It's funny that the DVD cover for The People I've Slept With is of a faceless, sexy woman, lying on a bed in her panties. It's a sexed-up image that will likely catch a few guys' eyes on the DVD shelf, yet not a single iota of the movie's content feels like it was written or directed with the idea of appealing to straight men within a good hundred-mile radius. On one hand, it's not surprising that I didn't glean any real entertainment value from a film that has no interest in attracting me as an audience member, but The People I've Slept With is also a slog, built out of cliches and convinced it's smarter than other films in the same genre.
Angela (Karin Anna Cheung) is a young woman who gets plenty of enjoyment out of her laundry list of conquests, until a pregnancy test reveals that she's expecting. Deciding that maybe it's finally time to grow up and be a "responsible" adult like her sister (Lynn Chen), she enlists the friend of her gay best friend Gabriel (Wilson Cruz) and starts going through her baseball-card-like collection of photographs to figure out which of her recent lovers is a) the father, and whether or not he could also be "the one".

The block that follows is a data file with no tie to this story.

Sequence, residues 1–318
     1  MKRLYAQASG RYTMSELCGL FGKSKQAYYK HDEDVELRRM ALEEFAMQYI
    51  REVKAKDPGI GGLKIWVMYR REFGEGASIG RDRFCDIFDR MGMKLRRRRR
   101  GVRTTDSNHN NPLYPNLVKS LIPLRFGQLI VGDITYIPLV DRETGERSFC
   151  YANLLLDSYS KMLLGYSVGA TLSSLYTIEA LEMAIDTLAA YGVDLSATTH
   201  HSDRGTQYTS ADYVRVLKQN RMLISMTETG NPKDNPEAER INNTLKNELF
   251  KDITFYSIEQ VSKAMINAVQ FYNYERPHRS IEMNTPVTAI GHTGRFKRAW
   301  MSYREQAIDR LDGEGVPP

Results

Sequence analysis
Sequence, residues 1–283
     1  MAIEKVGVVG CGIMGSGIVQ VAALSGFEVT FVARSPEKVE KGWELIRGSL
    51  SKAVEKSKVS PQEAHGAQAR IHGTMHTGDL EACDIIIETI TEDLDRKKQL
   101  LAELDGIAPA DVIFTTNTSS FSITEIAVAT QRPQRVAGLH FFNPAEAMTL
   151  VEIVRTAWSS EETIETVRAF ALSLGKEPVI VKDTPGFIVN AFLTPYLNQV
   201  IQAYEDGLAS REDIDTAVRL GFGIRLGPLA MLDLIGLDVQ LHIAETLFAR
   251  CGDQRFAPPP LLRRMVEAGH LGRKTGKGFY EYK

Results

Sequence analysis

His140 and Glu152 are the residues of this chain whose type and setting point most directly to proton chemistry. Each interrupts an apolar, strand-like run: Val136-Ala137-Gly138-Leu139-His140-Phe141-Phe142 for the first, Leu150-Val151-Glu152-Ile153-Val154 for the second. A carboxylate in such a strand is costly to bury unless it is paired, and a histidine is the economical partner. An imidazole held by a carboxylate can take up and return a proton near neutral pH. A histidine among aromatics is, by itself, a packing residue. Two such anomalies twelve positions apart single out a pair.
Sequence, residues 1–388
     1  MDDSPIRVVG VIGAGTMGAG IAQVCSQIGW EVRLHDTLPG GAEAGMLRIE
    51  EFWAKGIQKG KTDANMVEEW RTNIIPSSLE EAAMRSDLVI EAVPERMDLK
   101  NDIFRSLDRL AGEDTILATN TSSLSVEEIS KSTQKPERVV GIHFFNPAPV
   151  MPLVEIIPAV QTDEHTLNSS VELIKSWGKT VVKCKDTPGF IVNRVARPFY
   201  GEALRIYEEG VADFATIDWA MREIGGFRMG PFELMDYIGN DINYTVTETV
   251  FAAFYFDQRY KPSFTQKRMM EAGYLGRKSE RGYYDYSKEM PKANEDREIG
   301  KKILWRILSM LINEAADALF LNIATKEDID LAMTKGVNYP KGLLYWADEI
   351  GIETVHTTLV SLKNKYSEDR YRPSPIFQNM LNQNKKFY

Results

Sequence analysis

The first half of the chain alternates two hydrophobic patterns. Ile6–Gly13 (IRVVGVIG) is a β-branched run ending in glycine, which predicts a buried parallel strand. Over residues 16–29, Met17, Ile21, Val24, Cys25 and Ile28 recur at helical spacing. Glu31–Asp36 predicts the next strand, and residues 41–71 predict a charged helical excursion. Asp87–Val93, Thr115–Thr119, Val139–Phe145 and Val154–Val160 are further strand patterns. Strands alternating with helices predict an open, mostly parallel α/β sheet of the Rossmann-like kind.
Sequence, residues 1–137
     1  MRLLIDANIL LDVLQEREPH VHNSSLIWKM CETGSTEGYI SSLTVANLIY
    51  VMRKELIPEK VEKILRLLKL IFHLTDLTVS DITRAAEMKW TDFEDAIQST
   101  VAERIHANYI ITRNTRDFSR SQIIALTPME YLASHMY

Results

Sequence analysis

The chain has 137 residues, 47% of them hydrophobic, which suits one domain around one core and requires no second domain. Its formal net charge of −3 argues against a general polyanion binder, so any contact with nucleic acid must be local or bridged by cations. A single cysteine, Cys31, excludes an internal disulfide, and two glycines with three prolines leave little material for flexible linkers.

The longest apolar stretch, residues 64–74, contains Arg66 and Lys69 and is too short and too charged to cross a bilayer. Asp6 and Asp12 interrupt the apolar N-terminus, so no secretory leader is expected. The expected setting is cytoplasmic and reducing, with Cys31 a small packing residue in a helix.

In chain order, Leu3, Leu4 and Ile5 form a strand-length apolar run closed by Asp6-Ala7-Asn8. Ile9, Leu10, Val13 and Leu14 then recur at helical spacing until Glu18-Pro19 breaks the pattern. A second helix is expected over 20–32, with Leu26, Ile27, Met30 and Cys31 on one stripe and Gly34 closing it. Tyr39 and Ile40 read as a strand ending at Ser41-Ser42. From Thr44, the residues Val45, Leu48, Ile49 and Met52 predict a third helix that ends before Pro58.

The People I've Slept With seems to think it's breaking through some sort of wall with a (bisexual) heroine who enjoys sex, but lines like "a slut is just a woman with the morals of a man" are a real "six of one, half dozen of another" situation, and that's before the movie trots in the Know it All Sister, the Gay Best Friend, the Goofy But Loving Dad (James Shigeta) and so on and so forth. Emotional pregnancy nonsense, catty snark (Angela helpfully tells the audience the length and girth of each guy), and maturity melodrama are also par for the course. None of it is exceptionally unpleasant (except the sister), but the movie does nothing to shake off how exhaustingly boring they are. Aside from the minor amount of charm Cheung exhibits, everything's strictly paint-by-numbers.
For some reason, it seems like romantic comedies of this sort of ilk are fascinated by broad slapstick, and The People I've Slept With is no different, allowing Cheung to do plenty of drunk acting, gives Cruz free reign to be as flamboyant as he wishes, and meaning three of four suitors (Randall Park, Chris Zylka and Danny Vasquez) are basically caricatures, allowed to chew as much scenery as they want to in the name of comedy. Only Jefferson (Archie Kao) acts like a normal human being, which makes it no surprise when he jumps to the top of the list of suitors. Both screenwriter Koji Steven Sakai and director Quentin Lee are also overly interested in Gabriel's story; for whatever reason, the movie dedicates almost half of its runtime to Gabriel's relationship with Lawrence (Rane Jameson). And it's not that the Gabriel material is any better or worse than the rest of the movie, it's just that, no matter how one slices it, it's just not relevant to what's happening to Angela.